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WHAT TO LOOK FOR ERIC TRIDAS, MD, FAAP Young Children with Autism Spectrum Disorder.

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Presentation on theme: "WHAT TO LOOK FOR ERIC TRIDAS, MD, FAAP Young Children with Autism Spectrum Disorder."— Presentation transcript:

1 WHAT TO LOOK FOR ERIC TRIDAS, MD, FAAP Young Children with Autism Spectrum Disorder

2 Disclosures Dr. Tridas is a speaker for:  Eli Lilly  Pfizer Dr. Tridas is a consultant for:  Eli Lilly  Pfizer Dr. Tridas has done research for:  Eli Lilly

3 AAP 2006 Recommendations AAP recommends developmental surveillance be performed at every preventative visit (family history) A screening tool be used at 9,18, 30 month visit(24 mo can substitute for 30 mo) If screen is positive, refer to medical specialist and Early Steps or Child Find Pediatrics, July 2006 and reaffirmed 2009

4 AAP Recommendations AAP recommends a specific autism screening tool at the 18 month visit and then again at the 24 month visit (to pick up those who might have regressed) Pediatrics, July 2006 and reaffirmed 2009 - 2nd edition of autism tool kit released 2012

5 Why Screen?

6 Federal Law Individuals with Disabilities Education Act (IDEA) amended in 1997 & 2004 Mandates early identification and intervention for developmental disabilities

7 Developmental Disabilities 17% of children have a developmental disability 2% have a severe disability At risk population is growing

8 Autism Prevalence

9 Why Screen? 30-40%parents volunteer concern without prompting (Glascoe, Pediatrics,1995) Low identification rate by clinical judgment  <30%(Palfrey, 87) Pediatricians are well trained to identify delays in certain areas, but not others.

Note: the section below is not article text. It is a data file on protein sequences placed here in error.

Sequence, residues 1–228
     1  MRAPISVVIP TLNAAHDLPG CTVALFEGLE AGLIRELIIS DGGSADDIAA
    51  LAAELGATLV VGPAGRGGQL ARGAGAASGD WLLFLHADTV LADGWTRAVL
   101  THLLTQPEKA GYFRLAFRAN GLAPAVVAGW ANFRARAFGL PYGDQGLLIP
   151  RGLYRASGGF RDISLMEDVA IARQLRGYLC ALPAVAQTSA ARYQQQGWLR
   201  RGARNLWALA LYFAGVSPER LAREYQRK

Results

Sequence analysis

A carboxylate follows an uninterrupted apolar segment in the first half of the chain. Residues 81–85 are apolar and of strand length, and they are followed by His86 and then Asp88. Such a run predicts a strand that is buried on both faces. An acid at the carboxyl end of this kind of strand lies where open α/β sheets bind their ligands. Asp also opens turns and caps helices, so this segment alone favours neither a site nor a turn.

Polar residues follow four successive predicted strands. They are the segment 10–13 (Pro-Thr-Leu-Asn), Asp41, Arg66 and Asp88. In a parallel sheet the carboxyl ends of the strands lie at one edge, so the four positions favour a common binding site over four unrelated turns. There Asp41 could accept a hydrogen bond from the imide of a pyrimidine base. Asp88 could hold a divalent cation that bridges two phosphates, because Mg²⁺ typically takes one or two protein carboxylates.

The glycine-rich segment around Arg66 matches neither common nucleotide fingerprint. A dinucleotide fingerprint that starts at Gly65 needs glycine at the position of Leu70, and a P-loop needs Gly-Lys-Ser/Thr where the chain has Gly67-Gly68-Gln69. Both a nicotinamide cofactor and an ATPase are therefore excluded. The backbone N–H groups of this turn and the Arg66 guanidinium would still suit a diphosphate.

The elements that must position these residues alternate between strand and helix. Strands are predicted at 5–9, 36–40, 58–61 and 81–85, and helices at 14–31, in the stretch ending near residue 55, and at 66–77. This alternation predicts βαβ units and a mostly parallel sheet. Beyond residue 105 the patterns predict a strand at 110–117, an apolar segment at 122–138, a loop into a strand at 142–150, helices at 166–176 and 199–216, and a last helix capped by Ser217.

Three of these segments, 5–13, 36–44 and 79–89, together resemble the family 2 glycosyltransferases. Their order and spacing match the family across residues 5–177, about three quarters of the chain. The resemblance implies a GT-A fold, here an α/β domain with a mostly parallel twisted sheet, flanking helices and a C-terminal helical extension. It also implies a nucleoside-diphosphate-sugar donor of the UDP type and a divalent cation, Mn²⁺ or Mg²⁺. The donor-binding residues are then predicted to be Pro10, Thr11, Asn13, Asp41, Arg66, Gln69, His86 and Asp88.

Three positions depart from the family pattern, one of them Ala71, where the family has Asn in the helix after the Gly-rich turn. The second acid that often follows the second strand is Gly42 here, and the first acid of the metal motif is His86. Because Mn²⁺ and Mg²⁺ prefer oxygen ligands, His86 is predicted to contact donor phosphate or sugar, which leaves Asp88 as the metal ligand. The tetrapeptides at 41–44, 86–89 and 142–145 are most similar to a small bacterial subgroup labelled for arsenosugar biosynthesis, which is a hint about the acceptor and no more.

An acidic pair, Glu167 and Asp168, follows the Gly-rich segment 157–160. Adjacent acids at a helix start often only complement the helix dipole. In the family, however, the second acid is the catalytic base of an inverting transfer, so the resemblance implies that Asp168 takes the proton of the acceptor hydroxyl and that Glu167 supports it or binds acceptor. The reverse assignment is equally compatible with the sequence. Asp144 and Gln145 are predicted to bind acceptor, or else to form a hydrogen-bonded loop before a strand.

10 Parental Concern About Development 1/3 of parents of children with an ASD noticed a problem before their child’s first birthday, and 80% saw problems by 24 months. 3 ½ years: Average age of diagnosis of ASD 5 ½ years: Average age of diagnosis of ASD for children from a minority background

11 Why Screen? Early intervention make a difference  University of Washington 18-30 months study using Early Start Denver Model vs. community care  IQ points, 18 vs. 4  Receptive language 18 vs. 10 and socialization Geraldine Dawson, et. al. Pediatrics Vol. 125 No, 1 January 1, 2010 pp. e17-e23

12 ASD Siblings Outcomes at age 3  61% Unaffected  19% ASD diagnosis  20% Higher symptom severity and or lower cognitive scores than low-risk controls Geraldine Dawson, et. al. Pediatrics Vol. 125 No, 1 January 1, 2010 pp. e17-e23

13 DEFINITION Autistic Disorders

14 Autism: A Spectrum Disorder Symptoms present in a wide variety of combinations.  Any combination of the behaviors  Any degree of severity

15 ASA Definition Autism is a complex developmental disability that typically appears during the first three years of life and affects a person’s ability to communicate and interact with others. Autism is defined by a certain set of behaviors and is a "spectrum disorder" that affects individuals differently and to varying degrees. There is no known single cause for autism, but increased awareness and funding can help families today